Vancouver Daily World from Vancouver, British Columbia, Canada on November 2, 1918 · Page 4
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Vancouver Daily World from Vancouver, British Columbia, Canada · Page 4

Vancouver, British Columbia, Canada
Issue Date:
Saturday, November 2, 1918
Page 4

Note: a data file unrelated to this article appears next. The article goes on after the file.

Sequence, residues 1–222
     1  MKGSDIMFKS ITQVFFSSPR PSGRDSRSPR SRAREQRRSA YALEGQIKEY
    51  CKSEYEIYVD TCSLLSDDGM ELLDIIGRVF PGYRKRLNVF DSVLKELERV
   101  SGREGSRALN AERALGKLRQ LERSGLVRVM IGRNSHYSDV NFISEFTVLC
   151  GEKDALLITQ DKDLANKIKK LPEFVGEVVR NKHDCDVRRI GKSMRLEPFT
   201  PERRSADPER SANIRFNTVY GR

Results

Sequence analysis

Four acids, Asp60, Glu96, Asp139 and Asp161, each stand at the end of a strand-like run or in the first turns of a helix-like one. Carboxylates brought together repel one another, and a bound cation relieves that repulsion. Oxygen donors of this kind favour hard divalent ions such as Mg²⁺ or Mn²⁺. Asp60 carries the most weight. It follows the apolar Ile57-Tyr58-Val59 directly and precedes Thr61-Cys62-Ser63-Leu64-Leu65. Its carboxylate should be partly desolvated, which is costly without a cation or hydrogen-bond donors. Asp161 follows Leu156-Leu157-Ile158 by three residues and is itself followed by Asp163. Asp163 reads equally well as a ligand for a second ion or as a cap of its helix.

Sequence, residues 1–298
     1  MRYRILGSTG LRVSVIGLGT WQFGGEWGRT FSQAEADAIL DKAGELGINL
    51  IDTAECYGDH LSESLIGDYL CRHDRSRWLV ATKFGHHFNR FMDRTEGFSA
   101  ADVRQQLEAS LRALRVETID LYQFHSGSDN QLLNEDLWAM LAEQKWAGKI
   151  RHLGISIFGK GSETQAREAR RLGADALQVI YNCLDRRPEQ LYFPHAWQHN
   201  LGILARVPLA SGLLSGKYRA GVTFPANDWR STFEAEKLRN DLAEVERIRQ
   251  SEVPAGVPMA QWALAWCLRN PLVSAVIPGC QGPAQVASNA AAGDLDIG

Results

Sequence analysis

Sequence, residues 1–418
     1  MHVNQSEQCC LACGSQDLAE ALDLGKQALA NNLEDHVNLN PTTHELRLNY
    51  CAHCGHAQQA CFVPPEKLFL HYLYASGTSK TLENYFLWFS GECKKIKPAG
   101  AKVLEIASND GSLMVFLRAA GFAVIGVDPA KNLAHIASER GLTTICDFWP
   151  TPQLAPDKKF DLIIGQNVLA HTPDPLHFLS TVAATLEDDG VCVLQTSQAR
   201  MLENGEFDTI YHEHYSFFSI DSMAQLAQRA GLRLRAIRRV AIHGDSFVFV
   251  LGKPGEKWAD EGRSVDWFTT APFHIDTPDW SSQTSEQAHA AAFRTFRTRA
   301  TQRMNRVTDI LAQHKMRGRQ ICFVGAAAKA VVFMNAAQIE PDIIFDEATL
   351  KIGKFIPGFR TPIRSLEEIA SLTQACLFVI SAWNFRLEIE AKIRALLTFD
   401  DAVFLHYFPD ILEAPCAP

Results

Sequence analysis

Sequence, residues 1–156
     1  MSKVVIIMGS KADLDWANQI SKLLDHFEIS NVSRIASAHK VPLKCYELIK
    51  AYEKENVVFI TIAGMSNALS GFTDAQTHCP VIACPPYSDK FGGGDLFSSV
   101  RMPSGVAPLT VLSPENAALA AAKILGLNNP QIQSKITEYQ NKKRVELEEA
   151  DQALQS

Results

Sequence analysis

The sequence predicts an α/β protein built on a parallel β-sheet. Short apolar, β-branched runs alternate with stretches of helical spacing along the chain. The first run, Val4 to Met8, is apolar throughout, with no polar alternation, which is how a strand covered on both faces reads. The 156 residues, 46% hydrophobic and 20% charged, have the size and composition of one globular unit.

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THE VANCOUVER DAILY WORLD, SATURDAY, NOVEMBER L 1913. Established September 29, 1888 ..Member of the Audit Biran Circulation. Published Erery Day Except Sunday St 443 Bastings Street Vet, by THK HflBLU, 1IMITKO JOHN NELSON Managing Director AN INDEPENDENT NEWSPAPER. THE OLDEST DAILY ON THE MAINLAND OF BBITltiH COLVMUIA SIBSCBIPTION BATES Ity carrier, SO rente month. ,.. . Bv mall to any point In Canada er Great Britain. advance, tl.'H) per year; per nionlh, . inta. I nited fclatre, UH) per year or .TO cents per montn. VoreUn, i - enla pr month. , (hange of addreee - lt will nerve to avoid error, and aseore prompt action If ebuKo of address are phoned r left at World office Instead of (riven to XonHellverv of I'aper. - A copy will ,"dt"' Tt enarial meaacneer providing the clr. illation department . - 7... . . . ' s 1V.n Sneninlll .rlinK. In la notified before 8 p.m. Kaatera ran ad Ian OffleeJ. B. Rithbone, 5 King StXUe.:n.Tiror r. Paclfta .M - - B.rner Weaver Co.. Merchants' Kxrhanire Bid.. Han I ranclaco, Cal.; 814 South Sprine Street, Loa Angolea, LSI. SATU RPAT NOVEMBER 2, 191S The Terms of Turkey's Surrender TERMS accorded Turkey under the armistice signed on Thursday enow that Turkey ku thrown herself completely on the mercy of the Allies. Turkish forces are at once to be demobilized. Turkish vessels surrendered, strategic points to be occupied by the Allies, military supplies of all kinds to be placed at their disposal, Austrlans and Oer - . tn k. derjorted at once, the Dardanelles and the Bosphorus to be opened, and all Allied prisoners of war released. " These terms might form the basis of the terms to be imposed on Germany. Only the Allies will prob - ably require still greater safeguards from the Hun. The Turks may be trusted to carry out their agreement; but the Germans cannot be. The Versailles conference, however, knows Its business and the Boche. It will not err on the eld of leniency. Our New Mercantile Fleet THE Dominion Government' mercantile Iieet, contracts for which are Bow being let, will be operated In conjunction with the national rail way system. This means that canaaa wm nave a 14,000 - mile land transportation system united to a trans - Atlantic and trans - Pacific steamship service. When the fleet Is built, a traveller can journey from Liverpool to Vladivostok upon Canadian Government ships and Canadian Government railways, or nearly half way around the globe. What this will mean to Canadian export and import trade In the future can hardly be realized now. Vancouver, as Canada's strategic trade baae on the Pacific, must benefit enormously. One of the Men Who Started the War I T will be a pity If the news proves true that Count Ttsza, ex - prcmler of Hungary, has been ssaeslnated. Next to the kaiser, he was the one tan in Europe who deserved to be hanged by the Miles. Count Tisza's cabinet fell from power in Hungary a May 24 last year. It was then freely said that ' :ie German emperor and the Hungarian ex - premler ere the two outstanding figures amongst the , olltlcal leaders of the Central Powers. Count Tlsza was at once pro - Hungarian and pro - erman. He was committed all his life to the alntenance of Magyar tyranny and the support the corrupt oligarchy which under more or less iraocratic forms misgoverned the country. At the .me time he was the sworn friend of Germany id sought to carry out the pan - German policy side side with the glorification of Hungary. He helped to force the war on Serbia. He is . Sieved to have at least connived at the murder f the Archduke and Archduchess at Serajevo. And e certainly played the game of the Potsdam junta xithfully and well. Behind the scenes he was the lain factor that prevented Sir Edward Grey's .lost strenuous efforts for peace succeeding. It la a pity if Count Tlsa should have died by he hand of an assassin. The noose of Justice ould have fittingly closed his career. bia has disclosed several poets and authors of ability. To join this noble company on the Bookshelf arrives "Songs of an Airman and Other Poems," by Hartley Munro Thomas, of the Royal Air Force (McClelland, GoodchiM and Stewart, Ltd., Toronto). The writer is the son of the Hev. Ernest Thomas, of Vancouver. His poems describe the experiences of those who go up in the sky in airships and see the wonders of the great deep of heaven. " In attempting a criticism of such poems a local reviewer at once faces a dilemma. Either he must be uncritically appreciative of local talent or he must apply the high tests of imaginative literature and point kindly, but inexorably to where he sees failure as well as success. . . . The law of honor for the critic Is obvious. Besides which promise and talent may bo as readily wrecked by indiscriminate praise us by injudicious condemnation. "Songs of an Airman" shows undoubted imaginative power. The writer has felt keenly the Joy of speed, the intoxicating freedom of the Upper Air, which has been conferred, since the world began, alone upon this generation. He strives to incorporate that greut experience in verse. And in a measure altogether creditable to him, he largely succeeds. For example: The caves of shadowed cloud opening to receive us there Under downy cliffs, and proud Tall pinnacles of silvered air, Lead to dominions undefined By border framed in mortal mind The air - world! None But airmen live 'twixt cloud and sun. We are not as the rest. Counting life by wealth or tears; We upon the storm - cloud's breast. Are aged by hours, not years. There we're measured by the foe We've conquered. One may lay us low Forever. None May fall and live 'twixt cloud and sun. This is a genuine exercise of the poetic faoulty and there are many stanxas equally as good throughout the book. In some of the poems, how ever, it must be said in the interests of fair appraisal, the author writes prose unconsciously. Such a line as "And even the clouds are dump" is not poetry, but bathos. And such a stanza as this shows bad workmanship: Great is the land who has given her children. Pride in their birth and the courage to stand Till rended and torn and destroyed in the heavens, They mingle their dust with the soil of their land. The faults in the poems, however, are the faults of a literary craftsman using his tools with facility, but not always sure of what he is seeking to create. He does not agonize for the 'Perfect Phrase, for instance. He does not describe his air experiences from the objective point of view exclusively or from the subjective exclusively, but mixes the two. And occasionally he forces the sense to make the rhyme. Nevertheless, these poems are poems of promise. The writer of them has In him the stuff of real poetry. It he will study more deeply the tone and the color of words, compress his thoughts more closely, keep a definite poetic objective always before him and seek after felicitous expression as fervently aa the airman seeks the lonely spaces of the eky, he may yet do notable work. e A new world has been opened to the poet by the airplane. A new vocabulary Is needed to tell us of the piled glories of the clouds seen as the eye of the sun sees them eternally and of the vast Prairies of the Air where Man and Earle meet and pass, the one, after long striving, become at length co - regnant with the other. The Doets of the future will be the poets of the air. And those like our author, already enfranchised of the heavens, have mighty opportunities as pioneers of this unexplored region. a. C. C. A Dream That Has Vanished THREE years ago, less four days, troops of the Teutonic alliance captured Nlsh and opened the railway to Constantinople. Within a few weeks the Berlin - Constantinople Express left the former city amidst delirious applause from the whole German people and press. The long - desired route from Hamburg to the Persian Gulf was open, at any rate to Bagdad. Yet another milestone on the way to World - Power had been passed. ' "Hamburg to the Persian Gulf" represented to the German mind more than non - Germans ever appreciated. That line of steel meant not only the domination of the Balkans, but a threat to the British in Egypt and in India. Along it troops were sent to Palestine and Mesopotamia. By means of It Greece, through her traitrous king, was all but forced into the Teutonic alliance. Its possession held Roumanla neutral. It gave . German U - boats the freedom of the Black Sea, It was the visible embodiment of the drsng nach Oaten. Today, what of It? Gone like German honor, like a scrap of paper. The Allie are back In Nlsh; the Turks and Bulgars have surrendered. The Czecho - Slovaks have cut the line between Vienna and Berlin. Gone are the Napoleonic dreams of Oriental empire. , Gone the long - planned and plotted schemes of world - power. The Hamburg - Persian Gulf express has become the Hamburg - Schandau express. Like German ambitions for the next hundred years, it begins and ends In Germany. . The Task of the Newspapers. THE task of the newspapers in the present Victory Loan campaign is much greater than was the case last year. The closing of pulpit and platform, on account of the Influenza epidemic, leaves the printed word the only method of collective solicitation and appeal.. This robs the campaign of the support of large assemblies, the multiplied influence of hundreds of pulpits, and that element of insistent repetition which is so Important in establishing an argument. The new responsibility thus imposed upon the press of British Columbia has been cheerfully accepted, and the columns of the papers thrown open generously for that purpose. To date three times aa much space has been given this year as last, and this In the fare of a sharp limitation on toe use of white paper, by government ordinance. i The (In Initial showing has been made pos - slble, subject to the splendid organization and the individual seal of the canvassers, by the noteworthy work of the press. ' A JTEW BOOK BY MRS. NELLIE McCLClfG Thomas Allen, of Toronto, announces a new book by Mrs. McClung. It Is a war story "Three Times and Out" and will have a special Interest to people of this province because it deals with the adventures of a man who enlisted at Trail and escaped from a German prison on the thirq" attempt A number of familiar Vancouver names appear, and Mr. Allan says the book was eagerly snapped up by a Boston publisher. He predicts a big sale. and Christian Scientists have accepted that statement, but neither Mrs. Eddy nor anyone before or since has proved matter to be error. If we are to believe the Bible, Jesus created matter when he fed the multitude out in the desert, also when he restored the man's withered arm. Does anyon suggest that Jesus created error. In each case Jesus just knew the truth, the right idea, "Supply": the false belief, "lack" vanished and tho necessary symbol appeared. Mrs. Eddy made the greatest discovery In modern history when she discovered that harmonious ideas are the real substance and that these ideas are sustained by principle. But when she separated harmonious ideas from matter she should also have separated inharmonious ideas or beliefs from matter. Matter Is symbol, as Herbert Spencer suggested. The teaching that matter is error, and hence unreal, Is an ridiculous as to teach a child that figures urfi error. If a child snys 4 plus 5 is 7. what teacher would say 4 plus S Is error, rub It out quickly? Would he not rather say the belief that 4 plus 5 is 7 is error. Then proceed to teach the child that 4 plus 5 conveys the Idea "9"? If matter is error a clear realization of Its nothingness should cause it to vanish. Who would take his child to a practitioner if this were liable to happen? That inharmony Is error and hence unreal Is proven every day, but this no more proves matter to be error than the correction of a mistake in mathematics proves the figures to be error. Yours, etc., J. P. LAWSON, 118 Fifteenth avenue east .PEPPER TALKS. Forty - Year - old Men With Fourteen - Year - Old Brains U tienrra Maltha A - - ma.' 0 a o o e The time has come, the Walrus said, To talk of many things. Lewis Carroll Hastings Street, Oct 2, 1918. WITH much pleasure I have read an "Anthology of Canadian Poetry," also a collection of "Sea Poems," and Mr. John Ridington's lecture on The Poetry of the War." It seems to me, to use that popular phrase, that I shall soon have ma terlal for an "Anthology of 'Flu' Poems." They pour in upon me so fast and furious that I am already beginning to sneeze. Don't be alarmed, gentle reader. The World's Window is always kept right open, and I am penning these lines In the early morning before the other microbes have begun' to stir. Here is "W. H. S.' a contribution to my anthology from THAT WHICH HATH YVES' GS A novel by Richard Penan. S. B. Gundy, Toronto; $1.50. Richard Dehan's new novel is a sequel to "The Dop Doctor," and many of the characters dear to the readers of that famous story reappear upon the stage. The action commences in June, 1914, and one of the early episodes tells how the son of the Don Doctor and Lynette. a lad of 12, is whisked away from home and friends to a wireless station In East Friedland, where the malign spirit of tne man who conjured up the World War is seen brooding on the eve of the day's dawning. How young Bawne Saxham escapes from the hands of the Boche to play his part In the war; how Sherbrand of the Royal Flying Corps wins his spurs and meets with disaster, and how the flower of triumphant love blooms for him upon the scorched and shell - torn soil of Belgium, is told in the story - There are many minor characters and side - issues. Letters to The Editor The World takes no responsibility for any opin ion expressed in letters to the Editor. No letter lacking name and address. FOR publication. will be considered. Owing to the world - wide paper shortage the editor is compelled to notify all correspondents that he can find space only for brief letters on matters of public importance. The editor reserves the right to abbreviate letters for which space cannot otherwise be found. A DAXGEROt'S PRACTICE. To the Editor of The World: Sir People suffering from influenza have been calling at the offices of doctors In the city asking for treatment. This Is a dangerous practice. I would strongly recommend everyone suffering from a cold to remain at home and first apply ordinary remedies. If these do not give relief let them call in a doctor at once. Yours, etc., ERNEST P. FEWSTER.' M.D. Vancouver, November 2, 1911.. From a Canadian Bookshelf WILL ih great the years that follow the end of the great war oe years or plenty in i.unadian literature? If one is to juage by present signs one would emphatically say ".' Hardly a month ajuiara but a novel or a volume of verse cornea from aonte Canadian publisher. Already British njluni - A CRITIC OP LABOR To the Editor of The World: Sir, I notice with satisfaction from an editorial in today's issue, that a reduction in the size of The World Is imminent, if for no other reason than its pages will be purged of the prolific rubbish that comes from the pen of Walter Foster. The Uuwn of a new era is at hand, and nowhere will It be more pronounced than in the industrial world. The relations between capital and labor in the near future will be revolutionized: In fact, is even now rapidly changing. It will take time, but the consummation of industrial peace will be just as sure and stable at no very distant date, as the peace between the nations will be before the Allies leave Europe. It will take the bei brain and highest intelligence on both sides to bring it into effect, but it will be done. It ts the vaporings of such men as Walter Foster that act as obstructions in the cogs of the wheels of progress. In fighting the liquor traffic you fought for a great principle and denied yourself many thousands in revenue. I, too. for a like principle, will deny myself the pleasure that 1 always get when reading your paper, especially the editorial page, with Its many and varied interesting items, if I cannot do so without encountering an article giving expression to such sentiments that his letters always contain. This is an age of thoughtful construction, not egotistical, sneering and destructive criticism. Yours, etc., LIONEI WARD. 2030 Kitchener street, Nov. 1, 1918. . WHLTHKR MATTER SIATTERS To the Editor of The World: Sir, In your issue of October 10. Mr. Greenwood takes exception to my assertion that Christian Scientists "having no conception of what matter Is. they rail it 'nothing'." If by. that I mean "that Christian. Science Imparts no scientific knowledge of what matter is." Mrs. Eddy teaches that "matter is mortal error," A SPANISH FLIT - LAY Though Beauty's eyes may brightly beam With love in every glance, Tet Beauty's lips are seldom seen And Cupid has no chance: For westward borne upon the breeze Come unromantic germs. And naught is heard but sneeze and sneeze Where'er a body turns. Disconsolate, along the streets Man walks, oppressed with care. And hopeless scans the crowd he meets To find his lady falre; For swathed in white from ear to ear She braves the dreaded flu. And. as she greets each unknown dear - She answers "A - KA - CHOO:" But soon perhaps the flu will go And masks be put away. And all the bills Dan Cupid ewes On ruby lips he'll pay. And then from Bank and Farm and Store A paen of joy will rise. Denied a while Love grows the more And Beauty's lips we'll prize. Quite an old - time touch about that see Here is another. What It lacks In daintiness it makes up In realism: W W W About this thing "Flu" Beg pardon, ker choo I think it is nothing but grippe At - choo, oh, at - cheer You must excuse me; Now here is my tip - It is not the Flu Oh. goodness, ker choo But just a big scare . Like they have everywhere, A regular big bug - a - boo. At - choo, at - chee, chce Just listen to me, I'm getting a cold In my head. To resume about "Flu," Oh,' goodness, ker choo So much I have read About tho disease 'Scuse me while I sneeze At - choo, at - chee, chee, Ker choo, oh, dod rot it At - chee, choo, at - chee, By golly, I've got it e And'yet another which halls from Ocean Falls, and may take its place among "Historical Ballads." in an seriousness my readers will do well to cllD these pomes for their scrapbooks. In years to come, when Science has banished disease and men will be so healthy that they will not die until they have been soaked long In warm water, these scraps will be read with interest: There's a place called Ocean Falls, Where It rains most every day. And we work like h , and eat and sleep To carp our monthly pay. And then we cannot spend it, 'Cause there's nothing there to buy, So we simply have to save it Till we leave the place or die. It's a pretty little village. Sandwiched In between two hills, Made up of a store, and houses, A hotel and the paper mills. One cannot go astray there, For temptations there are none, And if one is not married He doesn't have much fun. But everything was peaceful Until some days ago. The Spanish Influenza came And, this you ought to know: It laid out fifty workmen Before a week was past. And many more are catching it The germs spread round so fast So all are In a turmoil And filling up with dope. ' To try and keep from having it This Is their only hope. And everyone is nervous, They don't know what to do. They act as though they're crazy but They're "Fluie got the Flu!" I have Just room to say: "Remember the dumb animals today; it is Tag Day for the 8. P. C. A." Every true Briton loves a horse and a dog, and most of us, like Thomson und Cowper, the poets,, love the "harmless, necessary cat" Drop your mite in the box. The world Is full of suffering just now. If we can only lessen it in the smallest way we are "Uoin' our bit" p, p. The world is full of children walking around as men and women undeveloped wanderers' feeding upon tho developed resources of those who grew with their years. It's a good deal like this; the initiators are those who rule the world. All others are mere tenants and Janitors boys living in the houses built by men men doing the jobs of boys. There Is only one thing that develops the mind, and that Is to think! It's the mind that leads the legs, that tolls the hands what to do, that guides the eyes to the beautiful and to the masterful works .of munklnd. It's the brain the heart the soul that makes the man. And not the body. But the stronger the mind and the heart and the soul the more "like a god" Is the body - shell that carries a man around and leads him to his tasks. In spirit ever be the boy, with his rollicking regard for Joy but never forget that to play the man is to play the Job of life. If you have a fourteen - year - old - brain, take It In hand today, and train it prod it to its fullest ability and grow to your years. Read, observe thinkt Style Headquarters for Boys Claman's LIMITED Ii i i if 153 Hastings Street West Home of Hart Schaffner & Marx Clothes wimviM wm. 2 S ii US THE JBOm What Is to become of the lost German colonies? But they are not lost; they have only, like some lost doge, found a better keeper. e Germany with a white flag! First Use white sheet of repentance. www A literary critic caught It hot tho other night He had "roasted" a woman novelist She met him at a party. "It was cruel to 'roast' me." she said. "I have three children and a husband, who is a literary Critic, to support." e "Stand not upon the order of your going but get!" The order to Germany. "So you are In the aviation corps I thought vou enlisted In the cavalry?" "Ah, I'v changed. An airplane, if it does throw, doesn't come over ami bite yon" A year ago today Premier Kerensky announced that Russia was about to quit participation In the war. German artillery was employed In continued bombardment east of Yprea Another German air raid on London but it turned out a oomplete failure. British airmen were very successful in an air raid on munition factories in Bavaria. In 1914 the Russians continued pro gress towards the German border of Poland. In 1915 a small committee of dis tinguished ministers was formed In Great Britain to take charge of the conduct of. the war. In 1916 Fort Vaux was evacuated by the Germans. This was one of their principal strongholds in Verdun. IS i Ii s s Ii If (From Tho World, Nov. 2. 1893.) The Dominion Express Company are extending their work; they have opened an office and dispatch straight to Leth bridge. "Last week Vancouver had a man tle of snow," so says an eastern paper. No! only a gauzy lace shawl, light and beautiful. Mr. J. W. Horne is on his way home. Messrs. Blackwood of Vancouver have been awarded a bronse medal for their display of temperance drinks at the world's fair. Dr. Browse has opened an office in the Sullivan block. The Indians are predicting a long, hard winter. There are little signs of it yet Roses and pansles are I blooming In the open air and rasp - 1 hi berries are coming out with a second crop. Boys Jerseys The values which we offer in Boys' Jerseys cannot be excelled. They are lower priced than elsewhere, in accordance with "Our Right Selling Plan." Made in England, these Jerseys come with polo jj collar or button shoulder, and tape neck, in plain colors or with fancy collars and cuffs. jj $1.25 to $3.50 Sweater Coats I j Heavy ribbed and finished with shawl collar, in M H colors of dark grey, light grey, maroon and brown, g H Very suitable for this weather. 3 . :7 H Sizes 26 to 38. . H I $4.75 to $7 I mmvMiOFPOEm LAVENDXB. I'm tleklae by a pansy, wot's aallad an 'Aodv Thought: I'm sna on yaller "Q lor lea" of tbe propar amelly aort; And one I 'aid geraal - vms waa graasar than tha reat But now I llkea tha lavandar, tha almple - lookiB' lavandar, A UUIa bit o' lavender tha beat My mata 'a'd baas garden or; 'la raaaa waaa't beat; 'la marrars waa a marvel aad 'la stror - berriea a treat. But Wen 'a leaves 'la eorllflow'ra an' lettuce to enlist C aald It waa tha lavender, 'la bllnkia' bit a' lavender, A silly patch C lavender 'a mlaaed. i la Franca I oaed ta toller Mm to father tip tba blta; 'B '"adn't 'eard" o' aolpera and ' "wasn't 'eedln " Prlta: Till tn a alip a' (ardao by tha convent 'a waa copped, And dahn anions the lavender, tha trodden, aodden lavender, Tha bloody, mnddjr lavender 'a dropped. A Job It was to fix 'Im up and da a doable bunk. But 'e waa ehattln' caanal while I waa . ooxtn' funk j 'B yarned abaht tha blta o' thlafa 'a oaed to aee at Kew, An' told me of tha lavandar, tha Udr lot , of lavender, Tha leasuee an' leagues ' lavandar 'a sraw. They book 'Im tbrouch ta BHihty and 'a drop a Una from 'oma, Compaiin' clay In Flendere with tha proper British loam; "An' Wen you seta yer aavea days, yau coma alons an' aaa Tho roaas an' tha lavandar, tha lavandar, tha lavender. . , . Tou oushter sea tha lavandar I" saya 'a. My mata 'a 'ad a slater, wtch I didn't area fuesa Till I waa at tha wlcaer - ate an' saa 'ar cotton dreaa; 'Br faea waa ewoet as rammer time an pretty aa a tone: , 'Kr eyea waa Ilka tha lavandar, tha blue bewitehin' lavender, Aa lovely aa tha lavender In June. Sha bid ma welcome kindly, an' aa quiet aa you pleaao. An' fuat wa talk a' battlefields en' than wa talk o' beea; But thoufh tha 'oDyacks waa aht aa' all tha roeee red, I only aee tha lavender, tha patch a" purple lavender; "I'm pleased yea like the lavender," aha said. I'm tickled by a pansy, wot'a called aa 'Appy Thought; I'm gone en yaller "Olorlea" of tha propar amelly aort; An' once I 'eld gerani - ume waa gayer than tha reat. But now I llkea the lavandar, a little apiig o' lavender, I Ilka a bit o' lavender tha beat. From Punch. AUSTRO - GERMAN CABINET FORMED Teutons in Dual Empire Take Over Administration of Portion ot Country Ministers Named. AMSTERDAM, Nov. 2. The Berlin Tageblatt's Vienna correspondent says a German - Austrian cabinet has been formed with Victor Adler, Socialist, as foreign secretary; Cavalry Capt. Maver, minister of war; Dr. Manaji toclal - Democrat, minister of Interior, and Dr. Steinwender, German nationalist, minister of finance. Trustee for New States. According to advices received here from Vienna, Professor Helnrich Lammasch, the new premier, said at a meeting that the government would regard Itself as trustee for the newly - rnrm.rt states, which naturally would be represented at the peace conference, and that the foreign ministry was ready to aid them in estaousning relations with neutral states. h udded that the adaption of the army to the changed conditions must await the cessation of hostilities. He also announced far - reaching political amnesty. Transfer of Fleet. LONDON, Nov. 1. A German wireless dispatch picked up by the British admiralty says that according to an mporiat official, the Austro - Hungarian h heen handed over to the south Slav national council sitting in Agram. In tne aacree in,uHu - Hungarian authorities make an express reserve about the actual ownership ot the fleet but say until the international question is settled there Is no objection to the employment of national emblems by the side of the war flag, after the transfer to the CInCthe transfer of the Danube flotilla to the Hungarian government, the flotilla commander is instructed to realease non - Hungarian members of the crews. Provoat and Mra. McMillan. Rotheear. wr7a.nted with a allv.r c.nd. abr. and sold wrlat watch on tha occaalon their liver wedding. When tha King and Queen of the Bel - rlana vlalted Edinburgh, tha Kins handed ihe Ird Provat 00 franca for tba poor of Edinburgh. In a rubblah heap at Lwm a anake'a neat containing a gallon of egga. "CRITICAL MOMENT IN WAR IS STILL TO COME" - SMITH Acting British High Commissioner to V. S. Gives Word of Warning, Tbougli Victory Is in Our Grasp. NEW YORK, Nov. '. - Warning that the "critical moment" in the was is yet to come was given here lest night by Sir Henry Babington Smith, acting British high commissioner to the United States, at a banquet which closed the convention ot the American Manufacturers' Export Association, called to discuss after the war problems. "Victory is In our grasp," the commissioner said. "Central Europe is crumbling, but the word I should like to speak is not a word of exultation, but of warning." Concerning peace problems, Sir Henry said that one of the first steps should be the perfecting of an "economic association" of the 24 allied nations, which in effect already Is in existance and an agreement on economic principles to be applied In the relations of such an association, . .a - . SHOULD HAVE BOUGHT BONDS Relatives of Dead Couple Find Tin Bank, But $800 Is Gone . WENATCHEE, Nov. 2. Mr. and Mrs. Steve Vancoff, who died the first. of the week of Influenza, had little confidence in banks and safety deposit vaults and hid their money under the House. Mince their death relatives have searched for treasure and found the can In which the money had been kept but the treasure was gone. Last week It was known that they put into the can rolls of bills amounting to $800, but these are gone. COAL 7 ENTHUSIASM! Do you ever notice how enthusiasm, tike a big snowball, grows as It goesT Don't you find yourself growing more and more Interested In the progress of the VICTORT LOAN In the results of tho daring and painstaking efforts being made to reach the markT Get Into the game! Take a personal Interest by buy - ing Bonds yourself more Bonds and bigger Bonis than yon intended. Think of the untiring efforts of the boys "over there." and of the Victory almost within grasp. Buy more Bonds today! , Space contributed to help the Victory Loan Committee by Geo. K. Trorry Dir. Money cannot than buy better ceal KIRICS NAN A1MO - WELLINGT0N GOAL Tou can pay more, but in the end you will not get as food. The coal you want again and again. Always Dependable KIRK & CO., LIMITED t2t MADf STREET Phones s Seymour 1441 and 4tt We have just received a few car - SePol COAL We do not expect regular shipments, i ORU Kit NCW f.IcNcill, Welch & Wilsca LI KITED FAIRJaOST 200